Discussion in 'Cold Cases' started by Greater Than, May 13, 2017.
Probably not. But, I’m glad for anything which keeps this case from slipping away.
Announcement today at 10 a.m. - Reward Increased
Announcement coming regarding reward in cousins case
This link has been updated. Good article. Reward doubled to $50,000 for arrest.
Dan Morrissey is on the Black Hawk County docket for post conviction hearing....
Several more links to the reward announcement in case you were unable to access the posted link.
$50K reward offered in case of abducted, murdered Iowa cousins
Reward up to $50K in case of murdered NE Iowa cousins
UPDATE: Reward Doubles In Unsolved Evansdale Cousins Case
$50,000 Dollar reward please send any tips by phone or email. (Please do not discuss them here. Thank you)
Anyone with information on the case is encouraged to call Evansdale police at 319-232-6682, email the Iowa Division of Criminal Investigations at email@example.com or call Cedar Valley Crime Stoppers at 855-300-8477.
I wish rewards actually worked to solve cases.
I know for example there is a $1 million AUS Dollar reward in the William Tyrrell case and it doesn’t seem to have helped at all.
Tomorrow would have been Elizabeth’s 16th birthday.
Motorcycle and car riders have been gathering on or near the anniversary of the girls’ disappearance to remember them and keep their murder case on people’s minds. They hold a silent auction and raffle to raise money for Cedar Valley Crime Stoppers and Angels Memorial Park at Meyers Lake.
Riders remember Elizabeth and Lyric (PHOTOS)
To the person who put the $50,000 up as a reward - Thank you so much.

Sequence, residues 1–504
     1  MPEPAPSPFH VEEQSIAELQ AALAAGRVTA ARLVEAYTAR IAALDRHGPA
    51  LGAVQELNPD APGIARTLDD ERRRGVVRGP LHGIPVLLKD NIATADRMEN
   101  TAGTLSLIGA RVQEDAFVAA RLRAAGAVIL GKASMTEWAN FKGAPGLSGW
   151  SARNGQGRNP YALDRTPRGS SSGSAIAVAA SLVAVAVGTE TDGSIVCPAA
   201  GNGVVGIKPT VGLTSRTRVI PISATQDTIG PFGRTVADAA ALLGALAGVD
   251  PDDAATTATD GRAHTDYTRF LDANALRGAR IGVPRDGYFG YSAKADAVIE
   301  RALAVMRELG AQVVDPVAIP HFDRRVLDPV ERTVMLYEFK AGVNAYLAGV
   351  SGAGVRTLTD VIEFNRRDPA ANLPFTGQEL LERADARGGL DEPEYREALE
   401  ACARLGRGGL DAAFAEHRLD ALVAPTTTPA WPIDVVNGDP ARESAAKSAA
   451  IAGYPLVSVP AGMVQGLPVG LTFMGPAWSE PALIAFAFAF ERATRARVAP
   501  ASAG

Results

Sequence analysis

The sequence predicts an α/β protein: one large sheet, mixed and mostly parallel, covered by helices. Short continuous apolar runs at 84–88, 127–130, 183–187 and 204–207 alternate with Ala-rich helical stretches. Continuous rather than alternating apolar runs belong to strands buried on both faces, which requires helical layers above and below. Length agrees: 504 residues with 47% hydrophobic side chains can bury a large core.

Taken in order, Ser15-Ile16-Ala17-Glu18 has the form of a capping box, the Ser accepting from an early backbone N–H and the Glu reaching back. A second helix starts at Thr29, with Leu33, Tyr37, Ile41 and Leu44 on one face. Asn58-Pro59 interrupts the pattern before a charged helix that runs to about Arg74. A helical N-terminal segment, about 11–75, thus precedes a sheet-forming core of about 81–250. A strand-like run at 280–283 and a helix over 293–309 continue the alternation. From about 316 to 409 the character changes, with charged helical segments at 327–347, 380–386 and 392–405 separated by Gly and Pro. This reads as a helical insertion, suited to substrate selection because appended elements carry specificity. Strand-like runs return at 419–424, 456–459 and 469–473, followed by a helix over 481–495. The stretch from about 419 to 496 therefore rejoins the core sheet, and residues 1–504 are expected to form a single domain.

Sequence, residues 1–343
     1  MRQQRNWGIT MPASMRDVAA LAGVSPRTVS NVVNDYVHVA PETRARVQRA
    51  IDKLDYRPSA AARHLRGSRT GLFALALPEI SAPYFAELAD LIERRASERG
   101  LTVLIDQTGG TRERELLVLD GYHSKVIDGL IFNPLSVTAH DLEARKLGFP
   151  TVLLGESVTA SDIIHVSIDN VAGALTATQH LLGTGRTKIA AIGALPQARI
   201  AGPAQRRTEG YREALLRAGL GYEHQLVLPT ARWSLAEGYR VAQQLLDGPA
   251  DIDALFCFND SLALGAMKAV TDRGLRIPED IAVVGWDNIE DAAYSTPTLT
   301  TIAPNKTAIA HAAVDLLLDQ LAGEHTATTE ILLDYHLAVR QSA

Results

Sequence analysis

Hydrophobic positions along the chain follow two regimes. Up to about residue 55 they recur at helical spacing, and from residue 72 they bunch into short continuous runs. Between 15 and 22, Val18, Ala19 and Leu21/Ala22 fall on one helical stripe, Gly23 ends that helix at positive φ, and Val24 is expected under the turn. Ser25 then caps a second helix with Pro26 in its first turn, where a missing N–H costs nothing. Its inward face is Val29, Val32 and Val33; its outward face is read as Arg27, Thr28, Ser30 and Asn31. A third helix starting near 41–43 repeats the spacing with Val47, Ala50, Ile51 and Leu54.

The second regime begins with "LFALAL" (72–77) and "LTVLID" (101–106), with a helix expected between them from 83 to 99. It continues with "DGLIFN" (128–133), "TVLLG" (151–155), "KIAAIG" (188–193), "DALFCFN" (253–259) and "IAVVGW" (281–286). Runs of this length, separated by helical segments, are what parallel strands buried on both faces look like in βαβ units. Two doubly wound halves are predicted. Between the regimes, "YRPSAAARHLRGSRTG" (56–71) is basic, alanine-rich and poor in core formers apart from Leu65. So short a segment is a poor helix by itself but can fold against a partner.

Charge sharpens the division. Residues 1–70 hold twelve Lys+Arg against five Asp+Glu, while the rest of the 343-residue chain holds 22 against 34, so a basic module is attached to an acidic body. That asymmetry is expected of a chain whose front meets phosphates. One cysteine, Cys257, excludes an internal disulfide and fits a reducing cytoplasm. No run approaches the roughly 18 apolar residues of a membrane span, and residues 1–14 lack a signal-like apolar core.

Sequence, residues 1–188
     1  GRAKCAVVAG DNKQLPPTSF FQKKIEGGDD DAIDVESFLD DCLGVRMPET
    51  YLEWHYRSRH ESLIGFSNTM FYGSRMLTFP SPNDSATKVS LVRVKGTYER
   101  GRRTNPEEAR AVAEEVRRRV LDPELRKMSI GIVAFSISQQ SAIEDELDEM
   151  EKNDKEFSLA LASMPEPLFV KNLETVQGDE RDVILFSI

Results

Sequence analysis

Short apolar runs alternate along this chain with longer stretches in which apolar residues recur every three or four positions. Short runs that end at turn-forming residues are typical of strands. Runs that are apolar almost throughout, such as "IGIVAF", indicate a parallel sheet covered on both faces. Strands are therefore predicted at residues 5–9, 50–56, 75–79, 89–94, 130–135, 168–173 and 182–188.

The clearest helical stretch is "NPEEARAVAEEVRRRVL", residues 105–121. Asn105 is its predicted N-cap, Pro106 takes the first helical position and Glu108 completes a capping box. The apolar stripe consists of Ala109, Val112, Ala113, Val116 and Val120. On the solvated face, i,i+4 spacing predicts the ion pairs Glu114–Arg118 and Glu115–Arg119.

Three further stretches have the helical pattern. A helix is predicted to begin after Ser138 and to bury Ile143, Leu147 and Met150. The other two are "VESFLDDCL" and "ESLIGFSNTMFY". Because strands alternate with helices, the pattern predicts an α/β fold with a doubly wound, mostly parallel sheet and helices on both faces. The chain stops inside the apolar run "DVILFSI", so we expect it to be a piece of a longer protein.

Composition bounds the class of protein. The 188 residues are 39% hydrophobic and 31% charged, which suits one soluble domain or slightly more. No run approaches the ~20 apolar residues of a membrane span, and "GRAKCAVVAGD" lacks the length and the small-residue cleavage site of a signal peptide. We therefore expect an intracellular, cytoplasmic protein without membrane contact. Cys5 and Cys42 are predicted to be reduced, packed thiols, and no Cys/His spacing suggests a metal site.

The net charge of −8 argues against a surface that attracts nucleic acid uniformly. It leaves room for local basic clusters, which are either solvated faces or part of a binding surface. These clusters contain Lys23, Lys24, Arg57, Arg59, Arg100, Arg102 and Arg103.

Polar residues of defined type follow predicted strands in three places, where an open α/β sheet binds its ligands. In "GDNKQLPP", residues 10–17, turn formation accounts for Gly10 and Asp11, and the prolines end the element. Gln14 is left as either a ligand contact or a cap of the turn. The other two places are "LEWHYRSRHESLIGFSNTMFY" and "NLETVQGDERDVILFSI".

Happy Sweet 16 in Heaven Elizabeth. It is sad to think of everything you are missing out on as a teenager. Lyric's birthday is also coming up in October; she would be 18 and graduating in 2020. I pray that someday this case will be solved and the families can have real closure. For the longest time I believed it was drug related because of Lyric's parents. However, I believe LE would of had that figured out by now. I still wonder about the man I mentioned on here about a year or so ago that traveled around Iowa for his job and was arrested in various counties for child abuse and kidnapping. He was in the Grundy county area which is the neighboring county to Evansdale. I don't remember his name or have a link right now. I'm not sure if E and L were ever mentioned in the article anyway. ETA-here is an article that mentions the girls along with his name. Wow! The one article shows a great map of where they think he has all attempted to kidnap. It is more than I knew about. A stranger with $100 bills: How an Iowa man tried to kidnap at least 19 kids across the state There is also another good link in this article about Elizabeth and Lyric.
Drew Collins says, “we’re not going away. If anything, it’s we’re kind of gaining strength and we’re gonna get you.”
These are words from a dad who is still trying to find the person or people who murdered his daughter. Today, Elizabeth would have turned 16.
“We have to have a 16th birthday party for my daughter who is not here,” Collins says.
UPDATE: Anonymous donation is why reward money doubled for Lyric and Elizabeth case
My thoughts and prayers continue to be with Elizabeth and Lyric’s families everyday. I really hope the reward increase brings the one tip they need.
Kell1 - I really like your post and wanted to say that your comment, "The killer usually has the most familiarity with the body recovery site..." makes a lot of sense. I could see a killer coming across a victim in a variety of places that they may not be that familiar with, but they have a quick opportunity to remove the victim from that area. It makes sense that the body recovery site is more likely to be an area that the killer is more familiar/comfortable with since they probably spend more time here - for the crime itself and maybe even to return to after the crime.